As I go about letting people know that my memoir Where The Light Lives has been released, it’s an occasion for self-reflection. My overriding feeling is woohoo…let’s pop the champers! But in a quietish way. I’ve never been one for a big celebration.
I guess that’s why I’m a writer, I prefer a quieter, introspective life. I am, however, very pleased that I made it this far because setting out to write a book and seeing it to fruition is an accomplishment and one I wish to acknowledge to myself.
Writing and publishing a book has been a pilgrim’s journey in perseverance, self-discovery, and personal fulfillment, and not without pain. It has been a love affair, the kind a mother feels birthing her child and nurturing it, with all the devotion her fear and optimism can muster.
I could never have imagined at the start that it would so completely permeate my life and result in an even deeper integration of my spiritually transformative experiences – my book’s subject matter.
Sharing the story of my healing from personal and intergenerational grief through my transcendental experiences has never been easy to do, but it was something I felt compelled to do.
You may feel the same way, that you just have to get your story out into the world because it really matters to you and to someone else. You may not even know who that someone else is yet, but you can feel them, nonetheless. They really want to know you because you hold a piece of their puzzle.
Language has never been my strength, having been raised in a bilingual home with mish-mashed sentences, so I laboured over how best to tell my story, what words to use, and when to write them.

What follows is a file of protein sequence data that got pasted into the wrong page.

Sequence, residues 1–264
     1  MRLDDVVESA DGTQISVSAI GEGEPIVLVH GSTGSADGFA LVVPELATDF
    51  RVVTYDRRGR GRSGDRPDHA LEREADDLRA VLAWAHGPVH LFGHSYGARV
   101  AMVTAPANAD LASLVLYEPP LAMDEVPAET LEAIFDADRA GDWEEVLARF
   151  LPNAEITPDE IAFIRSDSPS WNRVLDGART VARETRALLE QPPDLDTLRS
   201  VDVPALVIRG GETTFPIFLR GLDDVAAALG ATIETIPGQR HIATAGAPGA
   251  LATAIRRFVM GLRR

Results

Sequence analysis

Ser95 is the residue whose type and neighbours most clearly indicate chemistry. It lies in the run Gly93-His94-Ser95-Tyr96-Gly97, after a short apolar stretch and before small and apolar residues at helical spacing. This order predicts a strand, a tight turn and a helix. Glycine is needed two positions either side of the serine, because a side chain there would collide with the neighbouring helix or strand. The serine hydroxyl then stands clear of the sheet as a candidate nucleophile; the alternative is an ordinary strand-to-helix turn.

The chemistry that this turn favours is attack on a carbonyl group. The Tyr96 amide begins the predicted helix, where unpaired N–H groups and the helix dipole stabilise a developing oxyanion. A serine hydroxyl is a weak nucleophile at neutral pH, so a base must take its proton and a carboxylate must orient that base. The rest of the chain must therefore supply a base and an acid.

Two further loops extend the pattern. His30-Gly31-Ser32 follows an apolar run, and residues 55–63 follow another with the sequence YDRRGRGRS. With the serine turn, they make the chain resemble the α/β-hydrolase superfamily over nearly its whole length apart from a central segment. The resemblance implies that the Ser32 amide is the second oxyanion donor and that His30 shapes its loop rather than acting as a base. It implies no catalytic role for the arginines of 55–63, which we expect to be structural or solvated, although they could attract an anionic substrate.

I considered how much of my experiences, emotions, and vulnerabilities to share, and how my written words might affect the people in my life I care so much about. It was an elaborate process of self-evaluation that took me inwardly, and then back out again, changed, and humbled.
The power of writing your story
Like thoughts and feelings, words are energetic. Used well, words unite us. Words enliven the imagination of readers in just a few sentences. It is a therapeutic process and a sacred journey, for the writer to write and the reader to receive the writer’s gift of words.
I, therefore, encourage you to write – write freely, write with an open heart, with emotion, with authenticity, with meaning, and share who you are and what really matters to you through your words… Words have the power to transform you, and the world you live in!
Storytelling makes the world smaller and our perceived differences, lesser. In the stories of others, we often perceive something from our own experiences. Storytellers, through their words, hold up a mirror to us, sharing commonalities in the human experience.
Storytelling is also a way to imprint the world we live in with our unique points of view. We all live life from a different perspective and so it is that everybody has a story inside them worth telling, and a story that is different from any other.